- Writing from Quarantine, 23rd March 2020
- Writing from Quarantine, 25th March 2020
- Writing from Quarantine, 30th March 2020: Long Live Society
- Writing From Quarantine
- Writing From Quarantine, 8th April 2020
- Writing from Quarantine, 15th April 2020
- Writing from Quarantine: Politics and Science
- Writing from Quarantine: The University of Home
- Writing from Quarantine: Staying the Course
Disclaimer: The views expressed within this article are entirely the author’s own and are not attributable to Wessex Scene as a whole.
So, we’re 8 weeks into lockdown and now they’re loosening restrictions. I can’t help but think it’s a bad idea. We may be past the peak, but we’re still consistently experiencing around 600 deaths per day. Given that the peak was at around 800-900 around the 21-22nd April, we still don’t seem to be fully on the downward curve as of yet. So why are we trying to loosen restrictions?
I understand that there are different outbreaks in this country, differing in different places and settings. The rate of infection, or the now-famous ‘R‘, in care homes is much higher than outside them for instance. And that may well mean that the figure are affecting a relatively small number of people. But although the restrictions aren’t being relaxed on care homes, it doesn’t seem to make sense to risk making the other outbreaks worse while we still haven’t gained control of the worst. Not to mention that if the virus can be transmitted into a care home or hospital, there’s no reason it can’t be transmitted out again.
You might well say that this loosening of restrictions is very limited and I would have to agree. Very little has changed in the way I have been going about my days, each one sharing that feeling of another Groundhog Day. But then, I’m not a manual worker (indeed, at the moment I’m barely a worker). Announcing that people with jobs in manufacturing or construction, or other jobs they cannot do from home, will be encouraged to go to work is a problem. For many, not using public transport will simply not be an option, particularly for those that live or work in London, a city in which driving is a nightmare and walking to work is simply impractical. That’s a risk in itself. Then there’s the risk of actually spreading the disease at work which, no matter how ‘Covid-secure‘ the government and employers claim a workspace is, always remains a possibility. Being more than 2 metres apart is not a guarantee, particularly in enclosed spaces, and aerosolised moisture droplets from breathing may linger in the air to be walked through by even someone who is social distancing. Putting the onus on employers to decide if their workers should return to work is subject to a conflict of interest between profits and public safety.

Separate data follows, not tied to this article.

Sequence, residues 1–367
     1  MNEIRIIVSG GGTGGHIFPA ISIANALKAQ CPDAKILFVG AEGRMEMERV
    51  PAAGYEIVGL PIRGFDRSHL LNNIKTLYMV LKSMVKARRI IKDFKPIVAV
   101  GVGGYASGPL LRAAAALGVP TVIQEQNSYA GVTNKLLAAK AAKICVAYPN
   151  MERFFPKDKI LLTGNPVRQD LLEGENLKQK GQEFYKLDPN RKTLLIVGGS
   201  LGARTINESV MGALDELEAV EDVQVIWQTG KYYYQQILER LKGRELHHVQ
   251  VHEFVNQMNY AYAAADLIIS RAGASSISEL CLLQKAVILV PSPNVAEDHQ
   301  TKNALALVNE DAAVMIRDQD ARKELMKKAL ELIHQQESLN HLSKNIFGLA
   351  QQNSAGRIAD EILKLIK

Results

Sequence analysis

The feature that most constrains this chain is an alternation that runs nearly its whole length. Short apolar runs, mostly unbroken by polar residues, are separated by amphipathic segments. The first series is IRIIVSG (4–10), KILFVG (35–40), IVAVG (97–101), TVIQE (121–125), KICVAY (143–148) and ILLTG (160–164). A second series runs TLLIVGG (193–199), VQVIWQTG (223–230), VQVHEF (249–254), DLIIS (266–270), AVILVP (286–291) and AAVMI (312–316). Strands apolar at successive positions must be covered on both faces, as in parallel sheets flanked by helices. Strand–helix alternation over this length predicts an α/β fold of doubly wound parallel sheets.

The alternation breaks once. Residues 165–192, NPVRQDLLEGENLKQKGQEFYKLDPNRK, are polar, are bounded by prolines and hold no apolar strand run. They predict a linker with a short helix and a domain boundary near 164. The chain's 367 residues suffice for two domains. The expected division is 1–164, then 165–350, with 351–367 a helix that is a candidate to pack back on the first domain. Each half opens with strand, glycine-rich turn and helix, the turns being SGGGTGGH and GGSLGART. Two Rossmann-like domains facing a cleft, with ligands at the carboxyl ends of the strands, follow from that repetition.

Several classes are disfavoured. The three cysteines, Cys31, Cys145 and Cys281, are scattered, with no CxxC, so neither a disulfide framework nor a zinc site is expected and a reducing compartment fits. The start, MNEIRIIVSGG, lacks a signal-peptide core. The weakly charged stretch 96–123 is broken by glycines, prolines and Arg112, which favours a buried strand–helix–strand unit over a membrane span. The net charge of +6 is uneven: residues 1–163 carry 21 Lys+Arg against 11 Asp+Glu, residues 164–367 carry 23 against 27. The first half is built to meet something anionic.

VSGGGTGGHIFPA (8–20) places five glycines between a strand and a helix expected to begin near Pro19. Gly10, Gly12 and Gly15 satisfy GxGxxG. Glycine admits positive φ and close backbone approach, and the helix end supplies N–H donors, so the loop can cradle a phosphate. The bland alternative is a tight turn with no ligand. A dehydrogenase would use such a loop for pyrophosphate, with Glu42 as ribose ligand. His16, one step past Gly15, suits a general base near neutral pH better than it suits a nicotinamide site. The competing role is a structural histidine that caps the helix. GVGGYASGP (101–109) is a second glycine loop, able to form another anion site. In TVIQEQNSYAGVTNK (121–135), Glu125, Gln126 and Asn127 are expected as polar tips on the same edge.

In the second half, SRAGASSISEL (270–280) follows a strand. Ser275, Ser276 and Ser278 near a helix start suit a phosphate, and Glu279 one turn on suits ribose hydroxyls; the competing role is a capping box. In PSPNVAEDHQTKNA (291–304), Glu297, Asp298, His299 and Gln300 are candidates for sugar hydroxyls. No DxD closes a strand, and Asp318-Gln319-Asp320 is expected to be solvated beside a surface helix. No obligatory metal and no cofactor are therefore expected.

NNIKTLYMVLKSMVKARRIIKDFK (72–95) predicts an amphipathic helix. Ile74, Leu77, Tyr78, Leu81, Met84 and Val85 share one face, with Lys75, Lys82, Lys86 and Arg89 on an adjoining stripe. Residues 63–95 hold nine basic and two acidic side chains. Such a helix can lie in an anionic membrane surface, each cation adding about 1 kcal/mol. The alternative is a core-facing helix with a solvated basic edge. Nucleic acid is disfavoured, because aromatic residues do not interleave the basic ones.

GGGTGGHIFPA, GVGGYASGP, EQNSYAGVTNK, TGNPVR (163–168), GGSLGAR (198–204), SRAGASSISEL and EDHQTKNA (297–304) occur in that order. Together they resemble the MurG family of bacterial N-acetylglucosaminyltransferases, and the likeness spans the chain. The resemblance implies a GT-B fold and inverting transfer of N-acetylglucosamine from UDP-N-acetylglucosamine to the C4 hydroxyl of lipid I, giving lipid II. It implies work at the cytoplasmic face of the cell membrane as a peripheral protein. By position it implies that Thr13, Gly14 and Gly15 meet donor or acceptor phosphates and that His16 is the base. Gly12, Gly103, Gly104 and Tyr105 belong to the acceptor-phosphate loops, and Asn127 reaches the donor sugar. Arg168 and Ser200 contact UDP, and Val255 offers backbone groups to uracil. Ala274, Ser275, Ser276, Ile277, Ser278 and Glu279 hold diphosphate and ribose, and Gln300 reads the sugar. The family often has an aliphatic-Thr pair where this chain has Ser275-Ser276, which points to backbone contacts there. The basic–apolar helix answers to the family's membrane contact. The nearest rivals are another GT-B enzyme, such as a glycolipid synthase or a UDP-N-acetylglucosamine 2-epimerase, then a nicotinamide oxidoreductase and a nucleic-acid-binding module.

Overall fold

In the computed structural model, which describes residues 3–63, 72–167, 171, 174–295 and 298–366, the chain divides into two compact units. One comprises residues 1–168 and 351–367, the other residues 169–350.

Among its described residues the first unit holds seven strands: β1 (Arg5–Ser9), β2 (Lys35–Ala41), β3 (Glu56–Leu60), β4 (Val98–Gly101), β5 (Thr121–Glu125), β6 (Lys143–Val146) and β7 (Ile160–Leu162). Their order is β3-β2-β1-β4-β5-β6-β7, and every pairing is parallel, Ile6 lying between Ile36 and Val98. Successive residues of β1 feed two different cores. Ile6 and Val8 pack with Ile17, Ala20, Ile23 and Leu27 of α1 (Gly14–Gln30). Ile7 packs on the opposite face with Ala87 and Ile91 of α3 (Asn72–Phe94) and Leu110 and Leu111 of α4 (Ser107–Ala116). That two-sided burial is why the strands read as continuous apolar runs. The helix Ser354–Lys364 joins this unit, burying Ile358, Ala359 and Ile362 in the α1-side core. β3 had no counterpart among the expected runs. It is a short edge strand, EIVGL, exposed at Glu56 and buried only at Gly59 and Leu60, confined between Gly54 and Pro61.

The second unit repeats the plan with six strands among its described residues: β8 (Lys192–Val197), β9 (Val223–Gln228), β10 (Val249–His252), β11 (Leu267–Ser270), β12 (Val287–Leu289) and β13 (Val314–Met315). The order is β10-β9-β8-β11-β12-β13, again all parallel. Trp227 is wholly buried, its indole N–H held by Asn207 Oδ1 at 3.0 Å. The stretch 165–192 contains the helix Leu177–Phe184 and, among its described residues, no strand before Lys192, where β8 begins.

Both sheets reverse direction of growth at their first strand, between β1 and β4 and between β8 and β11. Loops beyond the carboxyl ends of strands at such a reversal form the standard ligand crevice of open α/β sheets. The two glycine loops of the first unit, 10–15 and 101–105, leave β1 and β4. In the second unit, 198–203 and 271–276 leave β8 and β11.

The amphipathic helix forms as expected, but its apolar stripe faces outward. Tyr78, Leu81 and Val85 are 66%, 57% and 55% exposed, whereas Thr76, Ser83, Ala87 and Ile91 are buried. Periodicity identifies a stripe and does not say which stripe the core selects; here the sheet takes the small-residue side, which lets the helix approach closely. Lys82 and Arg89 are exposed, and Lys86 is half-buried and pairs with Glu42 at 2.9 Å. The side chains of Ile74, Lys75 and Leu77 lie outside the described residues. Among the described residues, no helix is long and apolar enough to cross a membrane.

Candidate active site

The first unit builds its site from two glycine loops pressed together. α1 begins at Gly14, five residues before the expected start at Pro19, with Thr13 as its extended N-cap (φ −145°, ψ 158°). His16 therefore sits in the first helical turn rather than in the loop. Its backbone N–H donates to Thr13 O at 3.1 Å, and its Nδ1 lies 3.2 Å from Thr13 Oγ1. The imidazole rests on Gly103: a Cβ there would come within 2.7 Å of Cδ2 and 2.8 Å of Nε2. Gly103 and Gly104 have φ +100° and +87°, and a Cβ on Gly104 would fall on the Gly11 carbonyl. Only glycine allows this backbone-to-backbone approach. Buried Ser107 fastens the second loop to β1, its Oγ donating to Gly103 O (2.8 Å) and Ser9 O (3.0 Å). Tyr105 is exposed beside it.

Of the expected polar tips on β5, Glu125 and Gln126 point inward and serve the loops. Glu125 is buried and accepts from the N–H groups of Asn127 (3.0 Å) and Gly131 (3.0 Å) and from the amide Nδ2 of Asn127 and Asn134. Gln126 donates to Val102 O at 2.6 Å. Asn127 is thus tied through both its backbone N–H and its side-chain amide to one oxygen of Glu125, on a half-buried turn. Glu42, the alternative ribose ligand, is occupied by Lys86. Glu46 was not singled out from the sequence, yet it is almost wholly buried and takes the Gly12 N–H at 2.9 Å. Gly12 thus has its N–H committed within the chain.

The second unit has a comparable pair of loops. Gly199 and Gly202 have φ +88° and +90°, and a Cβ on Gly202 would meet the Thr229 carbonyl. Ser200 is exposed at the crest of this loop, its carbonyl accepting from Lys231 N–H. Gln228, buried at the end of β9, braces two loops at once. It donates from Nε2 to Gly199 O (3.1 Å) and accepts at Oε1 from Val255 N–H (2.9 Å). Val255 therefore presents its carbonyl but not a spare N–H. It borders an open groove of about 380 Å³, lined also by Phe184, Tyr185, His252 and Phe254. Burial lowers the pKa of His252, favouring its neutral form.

The messaging around the whole business was also a mess. Newspapers shouted beforehand from their front pages about the end of lockdown, which on the whole looked a lot like a briefing campaign by Number 10. The Telegraph rather tastelessly co-opting the title of of Nelson Mandela’s autobiography for its headline ‘The Long Road To Freedom‘. Monday saw a stream of clarifications and corrections, with Dominic Raab revealing himself as lacking knowledge of the specifics of the government policy he had supposedly agreed to. And don’t get me started on the ‘Stay Alert‘ slogan, or the lack of co-operation with the devolved governments – the Union could be a hard sell in Scotland after this.
So given how badly this seems to have gone, why attempt it in the first place? If the government were worried about the public not having the stamina to see this through, I understand that. But I disagree. We’re all tired of this. We’d all like to be allowed to see different people again. I’d like to be able to face turning on the news again, something that I have largely given up on out of frustration with the whole affair. But if that means placing others at risk of serious illness or death, then that’s not an acceptable option. If they’re worried about the economy, that’s not an unreasonable point. But a sustained outbreak, with a stream of excess deaths and business closures due to coronavirus having been contracted on the premises won’t make it better.
It’s an exhausting business, making it through a crisis, but we have to stay the course.